There are many different authorities that define how FEMA responds to disasters. In this section, you can find information about how each of these authorities affect the agency’s operations.
Visit our Guidance Documents page for more information on how we administer statutory and regulatory authorities.
Learn About Disaster Authorities
The Robert T. Stafford Disaster Relief and Emergency Assistance Act constitutes the statutory authority for most federal disaster response activities and established the presidential disaster declaration process.
The Disaster Mitigation Act amended the Stafford Act and requires hazard mitigation plans as a pre-requisite for certain kinds of non-emergency disaster assistance. The Disaster Mitigation Act of 2000 also created the Pre-Disaster Mitigation Program and added incentives for states deemed “enhanced” who demonstrate increased coordination and integration of mitigation activities.
The Defense Production Act is the primary source of presidential authorities to expedite and expand the supply of materials and services from the U.S. industrial base needed to promote the national defense. DPA authorities may support emergency activities related to the Stafford Act, and may also protect or restore critical infrastructure.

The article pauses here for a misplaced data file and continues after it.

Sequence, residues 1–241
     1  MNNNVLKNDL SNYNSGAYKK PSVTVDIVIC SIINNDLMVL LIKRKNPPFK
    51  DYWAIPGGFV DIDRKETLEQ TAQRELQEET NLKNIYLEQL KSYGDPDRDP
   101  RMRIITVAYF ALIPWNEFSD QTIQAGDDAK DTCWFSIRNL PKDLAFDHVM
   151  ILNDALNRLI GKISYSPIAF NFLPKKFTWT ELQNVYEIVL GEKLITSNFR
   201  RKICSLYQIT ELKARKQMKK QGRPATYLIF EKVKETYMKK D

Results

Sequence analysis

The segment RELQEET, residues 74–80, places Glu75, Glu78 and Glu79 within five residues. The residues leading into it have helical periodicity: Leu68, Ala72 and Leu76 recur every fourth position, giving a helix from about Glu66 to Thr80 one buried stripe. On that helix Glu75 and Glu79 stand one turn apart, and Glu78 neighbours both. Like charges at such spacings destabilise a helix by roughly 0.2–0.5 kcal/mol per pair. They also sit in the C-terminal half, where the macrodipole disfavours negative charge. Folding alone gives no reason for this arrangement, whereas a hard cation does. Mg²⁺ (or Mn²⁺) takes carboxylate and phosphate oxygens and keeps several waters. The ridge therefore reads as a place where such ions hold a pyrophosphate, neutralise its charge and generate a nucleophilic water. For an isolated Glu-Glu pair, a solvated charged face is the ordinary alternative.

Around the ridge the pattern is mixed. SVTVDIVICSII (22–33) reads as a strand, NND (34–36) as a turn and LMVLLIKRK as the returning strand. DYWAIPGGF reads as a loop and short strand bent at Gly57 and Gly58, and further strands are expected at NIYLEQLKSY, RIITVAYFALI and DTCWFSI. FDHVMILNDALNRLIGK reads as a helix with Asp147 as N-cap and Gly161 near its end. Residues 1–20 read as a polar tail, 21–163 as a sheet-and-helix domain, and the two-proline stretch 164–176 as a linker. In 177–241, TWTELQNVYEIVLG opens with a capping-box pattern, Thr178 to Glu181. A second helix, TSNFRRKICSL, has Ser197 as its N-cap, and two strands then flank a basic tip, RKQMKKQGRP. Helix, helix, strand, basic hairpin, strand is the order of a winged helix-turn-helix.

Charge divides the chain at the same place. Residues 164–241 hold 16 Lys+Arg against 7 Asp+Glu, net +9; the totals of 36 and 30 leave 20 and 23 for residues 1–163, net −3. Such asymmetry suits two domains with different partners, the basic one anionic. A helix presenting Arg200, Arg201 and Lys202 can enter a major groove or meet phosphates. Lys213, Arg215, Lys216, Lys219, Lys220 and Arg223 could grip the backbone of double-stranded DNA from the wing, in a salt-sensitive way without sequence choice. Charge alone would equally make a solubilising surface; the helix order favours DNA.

On Aug. 29, 2005, Hurricane Katrina became the most devastating natural disaster in U.S. history. As a result, President George W. Bush signed into law the Post-Katrina Emergency Reform Act on Oct. 4, 2006. The act significantly reorganized FEMA and provided it new authority to remedy gaps that became apparent in Hurricane Katrina response efforts.
Following Hurricane Sandy’s Oct. 24, 2012 landfall, the Sandy Recovery Improvement Act of 2013 authorizes several significant changes to the way FEMA may deliver federal disaster assistance to survivors.
Following the devastating hurricane and wildfire season of 2017, the Disaster Recovery Reform Act of 2018 brought about reforms that acknowledge the shared responsibility for disaster response and recovery, aim to reduce the complexity of FEMA, and build the nation’s capacity for the next catastrophic event.